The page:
Updated: Mar 7, 2020
Bringing economic and environmental resources to Genesee County to help both people and the environment grow together
There are many ways for all of us to do our part in protecting our planet and the precious natural resources that are all around. However, protecting natural resources can feel like a lot of work, time, and could potentially cost a lot of money.
We offer incredible opportunities for landowners and land managers interested in planning and implementing conservation efforts. There are many (and we mean MANY) different practices that can be implemented on your land, determined by your objectives and natural resource concerns. Through technical assistance and education we can assist you in a cooperative effort to manage your land effectively while helping the environment. Conservation District staff are your trusted source to help you put conservation practices into place. Listed below are a few examples of conservation practices that may apply to a broad spectrum of agricultural producers, landowners, and land managers.
There are many benefits of planting cover crops, for both large and small farmers and even the backyard gardener. Cover crops help increase the organic matter in the soil, reduce soil erosion, break up soil compaction, and may help to retain valuable nutrients in the soil. For example, legumes planted in the fall will fix nitrogen in the soil to help improve the nutrient load for consequent crops. Raised beds and vegetable gardens left bare over winter can be planted with cover crops in the fall to improve soil and prevent nutrient loss.
Conservation cover creates valuable and attractive pollinator habitats. This practice entails planting a combination of native grasses, forbs, wildflowers, and other vegetation to conserve and improve the soil. Conservation cover reduces erosion while providing food and habitat for wildlife.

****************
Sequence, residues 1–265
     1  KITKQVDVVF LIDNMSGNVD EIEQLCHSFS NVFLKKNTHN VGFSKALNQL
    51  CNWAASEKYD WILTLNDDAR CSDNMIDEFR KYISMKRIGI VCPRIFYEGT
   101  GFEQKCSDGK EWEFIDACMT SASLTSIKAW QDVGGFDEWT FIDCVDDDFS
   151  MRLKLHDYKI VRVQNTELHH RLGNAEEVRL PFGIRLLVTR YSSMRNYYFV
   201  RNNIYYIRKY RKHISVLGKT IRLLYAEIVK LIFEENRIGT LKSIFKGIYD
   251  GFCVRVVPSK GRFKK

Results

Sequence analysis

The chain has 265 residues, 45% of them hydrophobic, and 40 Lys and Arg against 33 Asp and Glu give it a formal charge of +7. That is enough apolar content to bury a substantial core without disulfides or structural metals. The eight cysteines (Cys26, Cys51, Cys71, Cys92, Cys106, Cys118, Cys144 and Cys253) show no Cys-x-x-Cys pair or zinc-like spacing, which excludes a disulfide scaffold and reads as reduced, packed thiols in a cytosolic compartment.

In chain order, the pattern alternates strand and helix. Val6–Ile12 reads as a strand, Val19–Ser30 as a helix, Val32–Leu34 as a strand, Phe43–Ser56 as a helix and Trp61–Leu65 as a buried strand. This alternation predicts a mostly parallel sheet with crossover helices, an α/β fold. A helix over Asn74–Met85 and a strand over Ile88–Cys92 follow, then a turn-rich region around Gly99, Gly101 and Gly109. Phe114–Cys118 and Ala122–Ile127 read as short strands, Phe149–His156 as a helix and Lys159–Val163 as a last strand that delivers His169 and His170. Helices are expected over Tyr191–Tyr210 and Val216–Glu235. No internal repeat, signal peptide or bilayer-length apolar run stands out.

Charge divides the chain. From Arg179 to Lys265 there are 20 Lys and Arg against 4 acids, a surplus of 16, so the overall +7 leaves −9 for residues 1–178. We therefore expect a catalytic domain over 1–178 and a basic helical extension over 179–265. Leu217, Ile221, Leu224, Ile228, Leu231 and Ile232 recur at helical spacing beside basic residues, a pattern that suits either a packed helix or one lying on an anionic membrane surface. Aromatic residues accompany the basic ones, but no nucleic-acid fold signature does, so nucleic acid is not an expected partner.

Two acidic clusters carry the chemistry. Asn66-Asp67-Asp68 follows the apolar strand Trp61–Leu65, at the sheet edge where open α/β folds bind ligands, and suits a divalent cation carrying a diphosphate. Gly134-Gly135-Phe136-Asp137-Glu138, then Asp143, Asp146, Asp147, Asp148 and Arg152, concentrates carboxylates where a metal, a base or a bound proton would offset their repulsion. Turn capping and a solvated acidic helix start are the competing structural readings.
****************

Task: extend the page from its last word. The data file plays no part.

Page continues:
Forest Management Plans
Forests and woodlots are also eligible for conservation practices. A certified forester can write a detailed plan specific to your land needs. They will also inventory your land to create a detailed management plan to identify the density of trees, tree species present, scout for invasive species, and more. The plan will be tailored specifically to your goals. Be it promoting wildlife habitat or having a sustainable timber harvest that maintains the overall health and productivity of the trees.
Invasive Species Management
Preventing invasive species or herbaceous weeds from becoming noxious is another practice that you can implement. Pesky autumn olive, multiflora rose, or knotweed, as pictured below, can be better managed through brush management and herbaceous weed control practices. There is more than one brush management strategy, ranging from mechanical removal to chemical application. We will work with you to figure out an effective plan.
If you are interested in any of the conservation practices described here, or want to start conservation planning, we are eager to help. To learn more about applying for cost-share funds to implement conservation practices, contact us by phone at (810) 230-8766 ext. 3 or visit us at the office to complete the application today. For more information see the USDA press release below. The application deadline is March 20, 2020.